While I’m not here to argue against using hymns in worship, some of the particulars of Classis Grand Rapids East’s reasoning trouble me.

First, the classis all but ignores the regulative principle of worship (what is not commanded is forbidden), which we’ve discussed elsewhere on URC Psalmody. They argue for the inclusion of hymns by calling into question any biblical command for psalms or hymns in worship. In regard to Paul’s exhortations to the Ephesians and Colossians to “sing psalms and hymns and spiritual songs,” they claim to have “no definite certainty whether these passages refer to our singing in public worship.” (Yet they later seem quite sure that I Timothy 3:16 quotes a “well-known hymn of praise” in the early church.) “Nor is the singing of spiritual songs or hymns expressly forbidden in God’s Word,” the classis adds, falling back on the normative principle of worship for justification (what is not forbidden is permissible).

This alarms me. If we are to sing hymns in worship, we should possess at least a fair amount of certainty that God has commanded their use. The classis seems to lack that conviction, yet continues their case for hymn-singing unconcerned.

Second, the classis argues for hymn-singing by attempting to point out insufficiencies in the psalms: that they fail to reflect the “clearer revelation” and “fulfillment” of the New Testament. Unfortunately, the Trinity is a poorly chosen example. Indeed, the Book of Psalms contains some of the clearest indications of the Trinity in the entire Old Testament, if not all of Scripture. Think of Psalm 2: “You are my Son; today I have begotten you.” Or Psalm 104: “When you send forth your Spirit, they are created.” Or Psalm 110: “The LORD says to my Lord: ‘Sit at my right hand, until I make your enemies your footstool.’” Indeed, the fact that so many of the psalms “employ the past tense, the tense of fulfillment,” seems to prove the lasting value of the Psalter rather than an inherent need for New Testament-inspired hymns. The psalms come with the light of fulfillment built in!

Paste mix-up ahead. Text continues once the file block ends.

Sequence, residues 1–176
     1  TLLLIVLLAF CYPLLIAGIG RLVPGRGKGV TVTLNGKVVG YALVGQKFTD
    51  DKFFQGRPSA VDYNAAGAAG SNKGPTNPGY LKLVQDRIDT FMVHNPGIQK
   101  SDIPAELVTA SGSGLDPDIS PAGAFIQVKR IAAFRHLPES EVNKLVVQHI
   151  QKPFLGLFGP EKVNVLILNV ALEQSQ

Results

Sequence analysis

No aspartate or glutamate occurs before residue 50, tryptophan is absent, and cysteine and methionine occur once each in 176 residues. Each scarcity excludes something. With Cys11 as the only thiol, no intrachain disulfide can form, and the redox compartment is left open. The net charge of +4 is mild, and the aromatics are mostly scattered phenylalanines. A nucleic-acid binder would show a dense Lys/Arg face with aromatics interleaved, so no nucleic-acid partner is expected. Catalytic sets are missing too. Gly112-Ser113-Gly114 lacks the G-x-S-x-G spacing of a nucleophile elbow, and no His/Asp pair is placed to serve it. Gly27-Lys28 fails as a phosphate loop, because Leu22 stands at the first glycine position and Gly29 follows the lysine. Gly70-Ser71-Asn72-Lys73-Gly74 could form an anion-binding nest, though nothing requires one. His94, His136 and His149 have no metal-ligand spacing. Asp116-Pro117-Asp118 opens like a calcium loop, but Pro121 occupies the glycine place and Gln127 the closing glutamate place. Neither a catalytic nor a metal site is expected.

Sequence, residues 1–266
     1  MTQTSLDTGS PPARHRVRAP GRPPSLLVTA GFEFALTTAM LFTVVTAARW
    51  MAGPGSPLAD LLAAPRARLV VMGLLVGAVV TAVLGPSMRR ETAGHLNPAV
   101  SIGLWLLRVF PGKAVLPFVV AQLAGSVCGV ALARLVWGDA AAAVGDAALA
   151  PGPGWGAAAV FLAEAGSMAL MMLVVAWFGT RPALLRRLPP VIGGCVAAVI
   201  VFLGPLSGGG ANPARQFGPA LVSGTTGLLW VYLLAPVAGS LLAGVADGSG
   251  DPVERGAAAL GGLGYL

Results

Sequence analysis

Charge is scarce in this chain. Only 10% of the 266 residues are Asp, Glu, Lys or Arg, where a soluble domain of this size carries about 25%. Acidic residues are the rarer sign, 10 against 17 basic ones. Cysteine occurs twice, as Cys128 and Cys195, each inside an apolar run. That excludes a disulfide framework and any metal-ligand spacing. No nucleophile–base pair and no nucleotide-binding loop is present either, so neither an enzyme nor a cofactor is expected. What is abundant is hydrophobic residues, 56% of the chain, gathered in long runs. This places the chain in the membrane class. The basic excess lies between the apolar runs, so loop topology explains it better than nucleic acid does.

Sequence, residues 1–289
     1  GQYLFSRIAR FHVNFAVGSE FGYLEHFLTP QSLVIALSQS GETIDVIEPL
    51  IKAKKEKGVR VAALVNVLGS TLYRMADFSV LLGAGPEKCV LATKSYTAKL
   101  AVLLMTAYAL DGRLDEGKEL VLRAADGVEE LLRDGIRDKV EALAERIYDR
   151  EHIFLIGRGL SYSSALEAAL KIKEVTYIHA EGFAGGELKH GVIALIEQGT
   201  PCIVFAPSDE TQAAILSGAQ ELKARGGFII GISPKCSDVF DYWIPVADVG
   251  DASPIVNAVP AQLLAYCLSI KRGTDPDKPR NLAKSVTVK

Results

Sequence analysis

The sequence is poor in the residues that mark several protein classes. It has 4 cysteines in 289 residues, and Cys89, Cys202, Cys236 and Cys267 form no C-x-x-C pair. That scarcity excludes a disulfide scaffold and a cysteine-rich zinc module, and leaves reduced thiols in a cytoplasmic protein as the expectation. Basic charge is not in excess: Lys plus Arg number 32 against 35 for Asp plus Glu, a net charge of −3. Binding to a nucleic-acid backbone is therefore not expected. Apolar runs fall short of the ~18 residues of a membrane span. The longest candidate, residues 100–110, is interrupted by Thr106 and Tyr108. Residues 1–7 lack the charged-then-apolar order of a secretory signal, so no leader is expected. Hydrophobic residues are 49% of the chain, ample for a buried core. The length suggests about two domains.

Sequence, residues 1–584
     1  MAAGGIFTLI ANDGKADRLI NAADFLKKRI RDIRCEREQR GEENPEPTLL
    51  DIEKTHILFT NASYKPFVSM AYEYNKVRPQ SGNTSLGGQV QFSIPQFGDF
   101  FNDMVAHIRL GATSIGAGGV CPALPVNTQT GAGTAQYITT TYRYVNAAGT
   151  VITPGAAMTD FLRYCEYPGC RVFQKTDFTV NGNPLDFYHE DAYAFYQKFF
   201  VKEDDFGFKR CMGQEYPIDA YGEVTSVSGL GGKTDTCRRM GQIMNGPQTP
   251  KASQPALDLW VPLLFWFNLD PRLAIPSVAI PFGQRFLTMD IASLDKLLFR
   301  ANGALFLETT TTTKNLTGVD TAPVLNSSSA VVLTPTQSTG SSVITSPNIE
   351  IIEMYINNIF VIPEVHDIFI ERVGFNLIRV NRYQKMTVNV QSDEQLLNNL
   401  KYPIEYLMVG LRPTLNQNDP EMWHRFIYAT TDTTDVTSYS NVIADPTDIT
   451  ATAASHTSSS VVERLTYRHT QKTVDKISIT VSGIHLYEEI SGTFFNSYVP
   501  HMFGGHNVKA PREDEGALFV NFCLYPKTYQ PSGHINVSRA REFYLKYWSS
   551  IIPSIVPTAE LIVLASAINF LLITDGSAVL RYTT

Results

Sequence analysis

Again, valid arguments can be made for the inclusion of uninspired hymns alongside psalms in worship, songs that reflect the message of the whole Bible. But we must not base those arguments for hymns on failings in the psalms. If we confess that God gave us the psalms to use in worship, we cannot also claim that they are insufficient for the church’s needs. We cannot affirm the Holy Spirit’s inspiration of the Old Testament while also dismissing it as somehow sub-Christian.